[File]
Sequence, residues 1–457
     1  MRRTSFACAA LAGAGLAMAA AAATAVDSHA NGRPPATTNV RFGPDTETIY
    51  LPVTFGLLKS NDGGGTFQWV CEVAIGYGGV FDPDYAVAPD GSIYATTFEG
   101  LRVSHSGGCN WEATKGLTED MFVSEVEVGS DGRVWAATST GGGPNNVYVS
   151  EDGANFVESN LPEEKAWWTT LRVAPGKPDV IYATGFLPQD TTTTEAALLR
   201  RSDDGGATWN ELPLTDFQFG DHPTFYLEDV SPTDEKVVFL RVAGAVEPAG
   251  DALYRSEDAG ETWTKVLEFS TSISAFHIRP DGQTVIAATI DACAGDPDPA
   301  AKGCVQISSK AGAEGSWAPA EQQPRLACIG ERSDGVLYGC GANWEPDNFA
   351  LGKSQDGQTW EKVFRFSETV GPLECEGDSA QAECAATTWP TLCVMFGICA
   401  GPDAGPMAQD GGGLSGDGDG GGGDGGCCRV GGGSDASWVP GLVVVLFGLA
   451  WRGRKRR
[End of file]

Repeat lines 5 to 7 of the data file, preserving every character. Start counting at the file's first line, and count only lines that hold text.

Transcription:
   151  EDGANFVESN LPEEKAWWTT LRVAPGKPDV IYATGFLPQD TTTTEAALLR
   201  RSDDGGATWN ELPLTDFQFG DHPTFYLEDV SPTDEKVVFL RVAGAVEPAG
   251  DALYRSEDAG ETWTKVLEFS TSISAFHIRP DGQTVIAATI DACAGDPDPA